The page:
With thanks to Asylum Matters our partners for this helpful update on the appalling state of asylum accommodation.
The Home Office’s decision to house people seeking asylum in army barracks has remained under intense scrutiny, as campaigners and politicians continue to fight to #CloseTheBarracks.
Hundreds joined an online rally hosted by Lesbians and Gays Support the Migrants to demand the closure of Napier and Penally military barracks; while the Folkestone & Hythe District Council, where Napier Barracks is based, passed a motion by a significant majority confirming the Local Authority’s objections to the Kent site, which cross-party local councillors agreed is “not fit for purpose and should be closed”.
At a High Court hearing of a case brought by six residents of Napier barracks, the court heard that the Home Office had ignored advice from Public Health England warning against the use of dormitories at the barracks during the pandemic, with the Home Office conceding that it was arguable that the use of Napier barracks to house the group was unlawful and in breach of human rights. The same day, it was revealed the site was deemed not to meet “acceptable standards for accommodation” when it was inspected in 2013 for its suitability for housing military personnel.
Meanwhile, the Independent Chief Inspector of Borders and Immigration has carried out an in-person inspection of Napier and Penally Barracks, joined by the HM Inspectorate of Prisons including interviews and surveys of residents and staff at the facility.
On Wednesday 24 February, the Home Secretary gave evidence to the House of Commons Home Affairs Select Committee, including on asylum accommodation. While the Home Secretary argued that the barracks, in which residents were made to sleep in dormitories of up to 28 per room, are safe and abide by all relevant guidance, it was revealed during the evidence session that 178 cases of Covid-19 had been identified at Napier Barracks in January and a further 19 in February. The chair of the committee, Yvette Cooper MP, gave a strong response, saying “this looks like pretty clear evidence to me that those dormitories were not safe”. She dismissed the Home Secretary’s claim that this was a result of residents “not following the rules”, accusing her of blaming the residents of Napier barracks for a situation they had no control over. You can view clips from the evidence session on this twitter thread by Refugee Action or re-watch here.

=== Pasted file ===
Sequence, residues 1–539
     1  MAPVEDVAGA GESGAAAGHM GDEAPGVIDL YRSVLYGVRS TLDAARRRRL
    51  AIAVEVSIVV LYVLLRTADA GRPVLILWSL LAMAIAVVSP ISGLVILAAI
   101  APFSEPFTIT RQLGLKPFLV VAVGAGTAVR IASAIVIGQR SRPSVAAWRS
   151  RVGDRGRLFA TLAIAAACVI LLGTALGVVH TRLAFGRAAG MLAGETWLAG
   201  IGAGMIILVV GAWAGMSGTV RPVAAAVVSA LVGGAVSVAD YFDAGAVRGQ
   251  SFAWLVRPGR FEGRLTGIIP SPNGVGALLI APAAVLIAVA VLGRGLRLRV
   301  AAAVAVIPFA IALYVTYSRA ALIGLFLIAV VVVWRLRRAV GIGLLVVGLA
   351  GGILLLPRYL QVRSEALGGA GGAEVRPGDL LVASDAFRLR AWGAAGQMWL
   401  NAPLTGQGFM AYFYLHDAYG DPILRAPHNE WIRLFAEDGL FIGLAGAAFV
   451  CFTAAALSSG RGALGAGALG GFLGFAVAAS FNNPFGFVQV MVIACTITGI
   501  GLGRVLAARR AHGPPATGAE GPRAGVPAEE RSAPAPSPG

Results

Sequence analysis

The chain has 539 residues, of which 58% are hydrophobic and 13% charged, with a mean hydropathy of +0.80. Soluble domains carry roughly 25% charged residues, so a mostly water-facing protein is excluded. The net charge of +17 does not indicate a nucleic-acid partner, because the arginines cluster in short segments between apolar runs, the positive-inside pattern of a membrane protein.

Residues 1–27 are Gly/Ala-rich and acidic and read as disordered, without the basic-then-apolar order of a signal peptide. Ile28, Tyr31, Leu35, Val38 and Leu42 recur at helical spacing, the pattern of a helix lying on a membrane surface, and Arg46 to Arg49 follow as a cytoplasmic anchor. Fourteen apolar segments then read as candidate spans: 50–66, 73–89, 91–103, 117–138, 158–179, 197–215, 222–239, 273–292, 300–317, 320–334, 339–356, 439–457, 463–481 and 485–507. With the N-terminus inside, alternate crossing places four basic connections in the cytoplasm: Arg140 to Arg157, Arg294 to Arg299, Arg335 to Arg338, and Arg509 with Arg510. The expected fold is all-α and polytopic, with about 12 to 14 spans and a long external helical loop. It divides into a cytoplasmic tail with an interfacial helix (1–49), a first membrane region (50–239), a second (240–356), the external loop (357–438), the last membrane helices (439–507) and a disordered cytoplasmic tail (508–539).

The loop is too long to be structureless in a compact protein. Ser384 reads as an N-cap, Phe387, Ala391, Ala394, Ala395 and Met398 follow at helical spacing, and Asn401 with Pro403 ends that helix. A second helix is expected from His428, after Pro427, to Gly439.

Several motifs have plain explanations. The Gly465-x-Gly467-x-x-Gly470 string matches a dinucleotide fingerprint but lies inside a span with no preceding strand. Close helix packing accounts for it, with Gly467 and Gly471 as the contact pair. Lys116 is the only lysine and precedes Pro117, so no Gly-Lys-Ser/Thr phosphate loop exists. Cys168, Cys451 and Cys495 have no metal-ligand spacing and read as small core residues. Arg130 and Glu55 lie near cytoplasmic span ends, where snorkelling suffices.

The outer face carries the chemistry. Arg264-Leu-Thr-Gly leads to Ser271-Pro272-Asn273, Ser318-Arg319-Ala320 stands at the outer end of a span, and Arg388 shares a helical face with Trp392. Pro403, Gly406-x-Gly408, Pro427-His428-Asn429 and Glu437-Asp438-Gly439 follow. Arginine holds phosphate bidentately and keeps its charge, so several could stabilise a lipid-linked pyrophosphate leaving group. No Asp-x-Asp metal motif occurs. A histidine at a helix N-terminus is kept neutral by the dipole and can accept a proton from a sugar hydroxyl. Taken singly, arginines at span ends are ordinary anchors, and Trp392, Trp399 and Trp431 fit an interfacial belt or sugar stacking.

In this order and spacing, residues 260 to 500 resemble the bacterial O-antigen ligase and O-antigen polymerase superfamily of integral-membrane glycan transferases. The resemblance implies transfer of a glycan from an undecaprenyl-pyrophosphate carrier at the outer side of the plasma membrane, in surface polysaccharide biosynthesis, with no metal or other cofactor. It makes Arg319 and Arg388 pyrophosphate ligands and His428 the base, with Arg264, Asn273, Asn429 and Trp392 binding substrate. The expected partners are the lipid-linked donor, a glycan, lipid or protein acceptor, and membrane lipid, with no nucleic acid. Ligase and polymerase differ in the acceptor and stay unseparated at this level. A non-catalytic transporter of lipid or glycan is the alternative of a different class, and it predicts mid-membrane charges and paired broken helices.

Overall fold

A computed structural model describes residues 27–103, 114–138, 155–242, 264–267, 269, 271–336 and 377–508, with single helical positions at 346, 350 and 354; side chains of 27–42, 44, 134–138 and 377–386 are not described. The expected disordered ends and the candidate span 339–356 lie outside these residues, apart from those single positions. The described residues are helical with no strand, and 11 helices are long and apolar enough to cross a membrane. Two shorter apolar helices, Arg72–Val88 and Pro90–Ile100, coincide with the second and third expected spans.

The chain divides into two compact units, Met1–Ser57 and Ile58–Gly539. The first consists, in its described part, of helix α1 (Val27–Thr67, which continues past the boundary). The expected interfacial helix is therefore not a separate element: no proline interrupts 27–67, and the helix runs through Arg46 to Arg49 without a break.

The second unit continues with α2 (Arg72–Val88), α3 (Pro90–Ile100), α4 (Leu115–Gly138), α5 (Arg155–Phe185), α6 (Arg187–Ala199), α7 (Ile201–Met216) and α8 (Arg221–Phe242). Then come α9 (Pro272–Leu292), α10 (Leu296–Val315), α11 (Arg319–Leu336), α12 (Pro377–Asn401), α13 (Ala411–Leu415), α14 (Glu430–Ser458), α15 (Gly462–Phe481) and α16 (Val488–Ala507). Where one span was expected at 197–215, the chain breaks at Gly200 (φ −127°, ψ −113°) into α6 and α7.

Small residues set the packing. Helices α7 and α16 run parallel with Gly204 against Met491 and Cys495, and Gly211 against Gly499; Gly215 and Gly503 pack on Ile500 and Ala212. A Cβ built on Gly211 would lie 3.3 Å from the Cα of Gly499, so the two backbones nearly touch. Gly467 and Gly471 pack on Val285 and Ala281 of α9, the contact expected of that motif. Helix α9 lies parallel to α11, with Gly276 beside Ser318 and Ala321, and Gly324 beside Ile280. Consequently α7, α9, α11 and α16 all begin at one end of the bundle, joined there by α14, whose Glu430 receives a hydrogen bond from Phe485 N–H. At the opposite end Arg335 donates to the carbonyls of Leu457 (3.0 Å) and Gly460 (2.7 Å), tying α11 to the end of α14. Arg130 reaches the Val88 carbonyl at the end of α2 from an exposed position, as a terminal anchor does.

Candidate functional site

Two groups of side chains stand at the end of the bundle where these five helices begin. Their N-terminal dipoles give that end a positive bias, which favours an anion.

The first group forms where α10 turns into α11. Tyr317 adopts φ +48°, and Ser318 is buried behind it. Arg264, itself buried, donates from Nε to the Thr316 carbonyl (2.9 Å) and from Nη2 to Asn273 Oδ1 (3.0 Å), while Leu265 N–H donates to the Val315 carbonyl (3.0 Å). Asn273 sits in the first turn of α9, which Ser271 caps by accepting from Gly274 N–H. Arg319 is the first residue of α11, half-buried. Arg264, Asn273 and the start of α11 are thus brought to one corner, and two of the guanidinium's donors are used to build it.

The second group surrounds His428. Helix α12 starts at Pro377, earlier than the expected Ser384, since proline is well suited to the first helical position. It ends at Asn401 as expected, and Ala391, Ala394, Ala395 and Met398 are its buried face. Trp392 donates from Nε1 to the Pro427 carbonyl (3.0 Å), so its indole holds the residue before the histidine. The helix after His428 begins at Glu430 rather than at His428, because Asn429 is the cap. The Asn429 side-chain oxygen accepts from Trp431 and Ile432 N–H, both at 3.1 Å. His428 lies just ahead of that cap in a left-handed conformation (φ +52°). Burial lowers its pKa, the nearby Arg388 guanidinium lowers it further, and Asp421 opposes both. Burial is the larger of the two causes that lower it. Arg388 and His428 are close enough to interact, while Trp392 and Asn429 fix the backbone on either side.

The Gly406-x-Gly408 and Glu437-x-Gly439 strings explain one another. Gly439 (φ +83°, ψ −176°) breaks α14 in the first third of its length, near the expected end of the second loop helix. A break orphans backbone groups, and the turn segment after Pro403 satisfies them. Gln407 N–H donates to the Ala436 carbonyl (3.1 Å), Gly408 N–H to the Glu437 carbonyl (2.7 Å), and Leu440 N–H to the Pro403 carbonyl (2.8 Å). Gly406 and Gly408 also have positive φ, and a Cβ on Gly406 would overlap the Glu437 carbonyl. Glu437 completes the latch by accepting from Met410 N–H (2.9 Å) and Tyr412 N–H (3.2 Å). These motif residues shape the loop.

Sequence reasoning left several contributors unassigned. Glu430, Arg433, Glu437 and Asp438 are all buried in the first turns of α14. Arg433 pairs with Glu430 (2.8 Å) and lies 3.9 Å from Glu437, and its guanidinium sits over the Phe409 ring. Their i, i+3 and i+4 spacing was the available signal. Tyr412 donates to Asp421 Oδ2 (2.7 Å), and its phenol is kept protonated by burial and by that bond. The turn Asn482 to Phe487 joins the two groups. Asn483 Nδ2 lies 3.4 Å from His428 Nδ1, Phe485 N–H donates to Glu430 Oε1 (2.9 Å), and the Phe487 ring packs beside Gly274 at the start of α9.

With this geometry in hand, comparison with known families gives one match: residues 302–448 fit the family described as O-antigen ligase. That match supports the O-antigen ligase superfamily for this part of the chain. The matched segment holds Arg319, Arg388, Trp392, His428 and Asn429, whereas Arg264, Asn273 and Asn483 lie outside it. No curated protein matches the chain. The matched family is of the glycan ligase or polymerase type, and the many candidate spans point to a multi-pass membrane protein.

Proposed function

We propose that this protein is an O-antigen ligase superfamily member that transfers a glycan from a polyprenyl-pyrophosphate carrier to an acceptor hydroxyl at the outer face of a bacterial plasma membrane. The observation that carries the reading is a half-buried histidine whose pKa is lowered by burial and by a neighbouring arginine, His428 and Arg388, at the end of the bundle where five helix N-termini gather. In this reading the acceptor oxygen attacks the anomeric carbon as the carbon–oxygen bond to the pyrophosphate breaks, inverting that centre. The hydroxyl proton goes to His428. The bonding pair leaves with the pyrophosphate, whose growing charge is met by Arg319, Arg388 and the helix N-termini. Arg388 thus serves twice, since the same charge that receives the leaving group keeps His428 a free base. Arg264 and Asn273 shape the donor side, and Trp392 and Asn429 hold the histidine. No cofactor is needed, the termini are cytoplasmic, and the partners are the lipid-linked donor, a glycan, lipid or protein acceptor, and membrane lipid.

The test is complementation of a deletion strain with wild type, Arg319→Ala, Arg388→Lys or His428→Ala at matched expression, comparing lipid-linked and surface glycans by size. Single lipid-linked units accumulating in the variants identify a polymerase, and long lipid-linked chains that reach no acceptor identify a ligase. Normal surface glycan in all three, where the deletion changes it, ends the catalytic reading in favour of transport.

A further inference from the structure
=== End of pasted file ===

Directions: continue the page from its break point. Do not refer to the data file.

As well as facing robust criticism for its use of military barracks, the Home Office’s network of hotels employed as contingency accommodation for people seeking asylum have come under further criticism for a catalogue of issues including allegations of sexual harassment, intimidation and claims that staff working in the hotels have been paid significantly below the minimum wage; a legal challenge to de facto 23-hour a day ‘curfews’ within some hotels; and coverage of the story of an asylum seeking woman who was evicted onto the streets from hotel accommodation without notice after taking a walk and being reported to the Home Office for absconding.
A teacher from one of the 24 Schools of Sanctuary in The Wirral drew our attention to the locking out of residents from their hotel accommodation in a contract dispute between the hotel and the Contract provider – Serco.
The Home Office is planning to “accelerate” the movement of asylum seekers out of hotels and into long-term housing. People seeking asylum will start being moved out of the accommodation as part of a process called Operation Oak. There are said to be around 9,500 in hotels at present and the Home Office has said that it would move people into properties where local authorities had supported procurement.
Concerns have also been raised about the abysmal state of dispersal accommodation provided by Serco for people seeking asylum in Derby.
Now, more than ever, we must #CloseTheBarracks and continue to advocate for people seeking asylum to be housed safely within our communities, in accommodation that is safe, appropriate and suitable for their needs.
You can take action through the links below:
Take part in Refugee Action’s write to your MP action
See also our previous articles on the #CloseThe Barracks for more background information. February 16th Update